EERCS and the Importance of First Responder Cell Boosters

In the U.S., we depend on the medical expertise of first responders in a multitude of situations. An estimated 240 million calls made to 9-1-1 each year for a variety of reasons, including:

  • Severe pain
  • Difficulty breathing
  • Confusion or unusual behavior
  • Choking
  • Fainting or loss of consciousness
  • Severe vomiting
  • Thoughts of suicide or harm to others
  • Head or spinal injury
  • Incidents involving road collisions or house fires
  • Sudden dizziness or weakness
  • Ingesting a poisonous substance
  • Violent injury

When we feel our lives — or the lives of others — are being threatened in some way, we rely on first responders to provide the help we need. But what you might not realize is that 80% or more of all of those millions of calls made each year are made from wireless devices. And while this type of technology is rather ubiquitous, it can cause a number of problems for first responder communications.

What’s the Problem With Wireless Devices?

Smartphones have certainly made it easier for the general public to communicate when they’re out and about. Rather than use a payphone or wait to use a landline at your home, you can place a call from your cell phone no matter where you are.

But cell phones do pose some challenges in the event of a medical emergency. In some cases, these devices have actually saved lives. But in others, they make it more difficult for medical personnel to do their jobs. Let’s take a closer look at some of these issues and how they can be solved by improved by first responder wireless services.

How Are First Responder Communications Interrupted?

Let’s zero in on the problem first. While many people believe that our existing technology only stands to help medical personnel do their jobs in health emergencies, the reality is that our nation’s existing infrastructure hasn’t necessarily caught up with evolving tech or the needs of first responders. Because the FCC continues to make adjustments to how the radio spectrum is allotted, this can pose problems for first responder communications. In other words, the amount of frequencies that can be used for the needs of first responders is restricted — and that can lead to poor cell service.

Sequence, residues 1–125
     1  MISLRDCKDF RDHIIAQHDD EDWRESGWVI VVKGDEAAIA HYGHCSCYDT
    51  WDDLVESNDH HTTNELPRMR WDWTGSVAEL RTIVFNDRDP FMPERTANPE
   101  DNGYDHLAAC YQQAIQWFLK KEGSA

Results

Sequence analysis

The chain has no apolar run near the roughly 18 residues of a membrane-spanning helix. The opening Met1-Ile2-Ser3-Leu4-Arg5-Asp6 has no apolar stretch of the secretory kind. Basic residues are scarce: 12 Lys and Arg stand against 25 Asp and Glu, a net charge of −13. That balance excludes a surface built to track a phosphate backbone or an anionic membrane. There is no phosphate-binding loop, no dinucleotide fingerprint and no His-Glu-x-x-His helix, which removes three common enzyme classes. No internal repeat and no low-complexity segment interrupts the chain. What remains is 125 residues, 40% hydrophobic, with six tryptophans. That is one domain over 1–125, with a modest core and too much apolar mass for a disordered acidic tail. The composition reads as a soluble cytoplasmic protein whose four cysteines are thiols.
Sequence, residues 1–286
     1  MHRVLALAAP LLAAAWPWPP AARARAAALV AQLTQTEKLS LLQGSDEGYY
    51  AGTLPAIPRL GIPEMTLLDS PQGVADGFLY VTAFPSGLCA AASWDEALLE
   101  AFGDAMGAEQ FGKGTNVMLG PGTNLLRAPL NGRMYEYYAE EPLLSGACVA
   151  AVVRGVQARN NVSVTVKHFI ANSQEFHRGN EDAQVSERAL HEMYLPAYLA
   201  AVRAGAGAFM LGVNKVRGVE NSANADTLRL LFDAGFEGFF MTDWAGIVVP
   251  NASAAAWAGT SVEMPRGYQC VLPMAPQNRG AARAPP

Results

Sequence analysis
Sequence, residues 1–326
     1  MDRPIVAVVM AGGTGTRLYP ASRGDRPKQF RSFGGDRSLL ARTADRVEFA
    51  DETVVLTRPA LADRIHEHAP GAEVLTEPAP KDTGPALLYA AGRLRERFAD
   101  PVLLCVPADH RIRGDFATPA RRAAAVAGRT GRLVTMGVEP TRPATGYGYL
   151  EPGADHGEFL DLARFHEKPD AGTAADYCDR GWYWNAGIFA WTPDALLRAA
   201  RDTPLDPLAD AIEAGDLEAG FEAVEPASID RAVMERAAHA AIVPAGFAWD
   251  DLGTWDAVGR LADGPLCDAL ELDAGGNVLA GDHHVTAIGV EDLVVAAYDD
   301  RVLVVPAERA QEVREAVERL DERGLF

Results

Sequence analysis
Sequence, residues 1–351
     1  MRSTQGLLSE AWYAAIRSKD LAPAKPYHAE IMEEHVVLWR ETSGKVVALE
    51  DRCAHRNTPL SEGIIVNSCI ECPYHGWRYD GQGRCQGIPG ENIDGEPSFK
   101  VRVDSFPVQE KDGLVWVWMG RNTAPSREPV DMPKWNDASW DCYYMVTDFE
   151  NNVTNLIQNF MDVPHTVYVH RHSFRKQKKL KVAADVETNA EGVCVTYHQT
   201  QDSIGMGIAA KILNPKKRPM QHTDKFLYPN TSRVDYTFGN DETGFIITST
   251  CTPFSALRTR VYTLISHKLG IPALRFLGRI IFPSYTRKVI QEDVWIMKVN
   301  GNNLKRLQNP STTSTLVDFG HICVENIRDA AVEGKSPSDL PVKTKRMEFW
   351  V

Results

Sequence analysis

If you’re required to be in an area with bad reception on a call (whether it’s a rural location far from cell towers or an urban area with tall structures), you could jeopardize your ability to administer medical assistance — all because you can’t receive or send the information you need through existing first responder wireless services! That’s a huge problem when someone’s life is on the line. If you can’t hear the information you need to help a person in trouble, it’s much harder to do your job to the best of your ability.

What is ERRCS?

Now that you know the communication challenges first responders face, let’s talk about some of the solutions. An Emergency Responder Radio Communication System, or ERRCS, is an in-building requirement for many areas nationwide. It’s intended to improve vital communications that take place both within a building and from outside it specifically as they pertain to public safety. An ERRCS uses a Distributed Antenna System (or DAS) in order to send and receive radio signals from the network of first responders. An ERRCS also contains a Bi-Directional Amplifier (or BDA) system, which connects to the DAS through a cable or fiber in order to re-amplify signals throughout the building to offset areas of poor cell coverage.